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Published: February 24, 2009

 
 

Sustainable Goes Strategic

The Bottomless Well is not a call to complacency. Even if every argument Huber and Mills make is correct, there are still many environmental problems to solve. But even if only the core of their argument is correct, it would help sever the production of ordered power from the despoliation of the planet, both in the public debate and in practice.

Up the Waste Cycle
Of course, the ultimate green question for any business is, How do we get smarter at designing, producing, marketing, packaging, and transporting our products? A key guide to thinking about product design is William McDonough and Michael Braungart’s Cradle to Cradle: Re­making the Way We Make Things. McDonough and Braungart (re­spectively, an architect and a chemist) argue strongly against the usual “take, make, and waste” product cycle. Even “recycling” fails their test, since almost all products can be recycled only as low-grade reclaimed basic substances, and the recycling process itself consumes a great deal of energy and labor. Instead, the authors advocate “upcycling,” a style of design in which products actually serve as “food” for the next cycle of products.

Cradle to Cradle itself is an example of this approach. The “paper” it’s printed on is a polymer that is infinitely recyclable either in its existing form or as raw material. The nontoxic ink can be washed off with extremely hot water and reclaimed. And the method does not take the form of a compromise or sacrifice: The pages are satiny and white, the print contrast easy on the eyes, the paper waterproof, and the binding and cover stronger and more durable than those of the usual paperback.

Hot, Flat, and Competitive
Aspiration is key to any future that enlists the creative entrepreneurial power of business. That power is not engaged by visions of cutbacks and deprivation. The world’s environmental problems demand solutions with an unprecedented urgency — and every solution will call for vast amounts of equipment, new technologies, evolving and customized designs, and every manner of industrial creativity. Yet the United States has let the lead in many of these niches slip away to Europeans, New Zealanders, and others around the world who have made this work more of a priority.

This is the argument of Thomas Friedman’s new book, Hot, Flat, and Crowded: Why We Need a Green Revolution, and How It Can Renew America. The problem, the New York Times columnist argues, embodies its own opportunity — not only the huge business opportunity represented by rebuilding the energy infrastructure (and much of the physical plant) of the planet, but the opportunity for America to reassert its leadership in the world. (Though its argument could be applied in any country, the book is explicitly aimed at a U.S. audience.) For Friedman, the interconnected global crises are “the epitome of what John Gardner, founder of Common Cause, once described as ‘a series of great opportunities disguised as insoluble problems.’”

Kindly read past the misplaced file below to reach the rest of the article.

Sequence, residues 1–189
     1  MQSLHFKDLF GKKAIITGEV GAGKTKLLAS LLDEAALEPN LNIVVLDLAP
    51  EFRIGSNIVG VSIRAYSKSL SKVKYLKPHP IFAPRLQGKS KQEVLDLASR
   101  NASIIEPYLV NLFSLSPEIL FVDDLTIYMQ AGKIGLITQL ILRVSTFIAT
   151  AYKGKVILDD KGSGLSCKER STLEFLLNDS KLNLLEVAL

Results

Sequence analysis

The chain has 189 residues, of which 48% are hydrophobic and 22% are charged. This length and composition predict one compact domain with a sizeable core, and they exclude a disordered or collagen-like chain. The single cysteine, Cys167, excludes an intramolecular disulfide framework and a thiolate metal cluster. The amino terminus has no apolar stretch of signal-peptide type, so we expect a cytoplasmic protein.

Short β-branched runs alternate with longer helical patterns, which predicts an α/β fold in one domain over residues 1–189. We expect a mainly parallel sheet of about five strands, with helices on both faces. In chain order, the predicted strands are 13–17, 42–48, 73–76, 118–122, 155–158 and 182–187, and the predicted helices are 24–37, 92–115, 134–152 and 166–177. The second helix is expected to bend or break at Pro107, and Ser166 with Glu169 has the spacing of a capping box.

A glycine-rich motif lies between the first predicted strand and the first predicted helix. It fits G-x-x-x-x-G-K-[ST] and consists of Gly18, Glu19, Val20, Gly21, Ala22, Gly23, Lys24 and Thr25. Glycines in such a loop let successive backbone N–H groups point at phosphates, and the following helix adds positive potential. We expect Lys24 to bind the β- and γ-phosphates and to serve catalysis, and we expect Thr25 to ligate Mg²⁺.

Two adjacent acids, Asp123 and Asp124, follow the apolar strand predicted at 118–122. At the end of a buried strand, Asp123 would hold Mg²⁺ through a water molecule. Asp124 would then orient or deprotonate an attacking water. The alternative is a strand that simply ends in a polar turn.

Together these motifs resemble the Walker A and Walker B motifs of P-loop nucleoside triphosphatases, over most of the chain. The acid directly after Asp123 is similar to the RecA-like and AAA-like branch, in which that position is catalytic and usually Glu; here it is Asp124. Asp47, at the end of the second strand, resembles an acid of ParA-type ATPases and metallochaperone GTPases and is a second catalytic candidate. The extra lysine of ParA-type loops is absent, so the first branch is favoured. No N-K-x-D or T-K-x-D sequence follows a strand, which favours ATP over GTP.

Friedman puts the crises in five boxes, and outlines the multiple connections among them: (1) energy supply and demand; (2) petropolitics (the fact that our current “dirty fuel” energy economy props up the worst kind of “petrodictators” across the globe); (3) climate change; (4) energy poverty (the fact that a significant portion of the world’s population is left out of the energy economy); and (5) biodiversity loss. He is cynical about the promotion of recycling and ethanol: “In the green revolution we’re having, ev­eryone’s a winner, nobody has to give up anything, and the adjective that most often modifies ‘green revolution’ is ‘easy.’ That’s not a revolution. That’s a party.”

Unimpressed by “205 Easy Ways to Save the Earth” (the title of a Working Mother article he quotes), Friedman advocates more fundamental shifts in the rules of the marketplace to set off a “forest fire of innovation” to develop new energy sources. He argues that the energy industry puts only 2 percent of revenue back into R&D every year, almost all of it dedicated to expanding traditional sources of supply — not because industry leaders are evil or stupid, but because the market and the tax system allow and en­courage them to do so.

 
 
 
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Sustainability Resources
Works discussed in this review.

  1. Lester R. Brown, Plan B 3.0: Mobilizing to Save Civilization (W.W. Norton, 2008), 412 pages
  2. Jared Diamond, Collapse: How Societies Choose to Fail or Succeed (Viking, 2005), 586 pages
  3. Thomas Friedman, Hot, Flat, and Crowded: Why We Need a Green Revolution, and How It Can Renew America (Farrar, Straus and Giroux, 2008), 448 pages
  4. Peter W. Huber and Mark P. Mills, The Bottomless Well: The Twilight of Fuel, the Virtue of Waste, and Why We Will Never Run Out of Energy (Basic Books, 2005), 242 pages
  5. Fred Krupp and Miriam Horn, Earth: The Sequel — The Race to Reinvent Energy and Stop Global Warming (W.W. Norton, 2008), 280 pages 
  6. William McDonough and Michael Braungart, Cradle to Cradle: Remaking the Way We Make Things (North Point Press, 2002), 196 pages
  7. Peter Senge et al., The Necessary Revolution: How Individuals and Organizations Are Working Together to Create a Sustainable World (Doubleday, 2008), 416 pages
  8. Alex Steffen, editor, Worldchanging: A User’s Guide for the 21st Century (Abrams, 2006), 608 pages
  9. Alan Weisman, The World Without Us (Thomas Dunne Books, 2007), 336 pages 
  10. Daniel Yergin, The Prize: The Epic Quest for Oil, Money, and Power (Simon & Schuster, 1991), 934 pages 
 
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